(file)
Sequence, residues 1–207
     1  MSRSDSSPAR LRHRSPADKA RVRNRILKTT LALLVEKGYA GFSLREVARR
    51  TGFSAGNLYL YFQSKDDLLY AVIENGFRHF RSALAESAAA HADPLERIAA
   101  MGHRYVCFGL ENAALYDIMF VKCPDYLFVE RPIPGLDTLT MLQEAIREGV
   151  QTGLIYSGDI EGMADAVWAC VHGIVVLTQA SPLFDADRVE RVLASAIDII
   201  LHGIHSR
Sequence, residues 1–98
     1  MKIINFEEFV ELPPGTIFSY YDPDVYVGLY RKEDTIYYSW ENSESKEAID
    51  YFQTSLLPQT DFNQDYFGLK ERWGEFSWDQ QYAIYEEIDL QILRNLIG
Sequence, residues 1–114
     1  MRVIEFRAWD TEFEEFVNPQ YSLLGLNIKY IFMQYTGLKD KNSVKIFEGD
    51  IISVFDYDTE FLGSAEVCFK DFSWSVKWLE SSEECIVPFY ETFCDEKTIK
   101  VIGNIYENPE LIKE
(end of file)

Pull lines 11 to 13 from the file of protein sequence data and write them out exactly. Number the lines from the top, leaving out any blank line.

     1  MRVIEFRAWD TEFEEFVNPQ YSLLGLNIKY IFMQYTGLKD KNSVKIFEGD
    51  IISVFDYDTE FLGSAEVCFK DFSWSVKWLE SSEECIVPFY ETFCDEKTIK
   101  VIGNIYENPE LIKE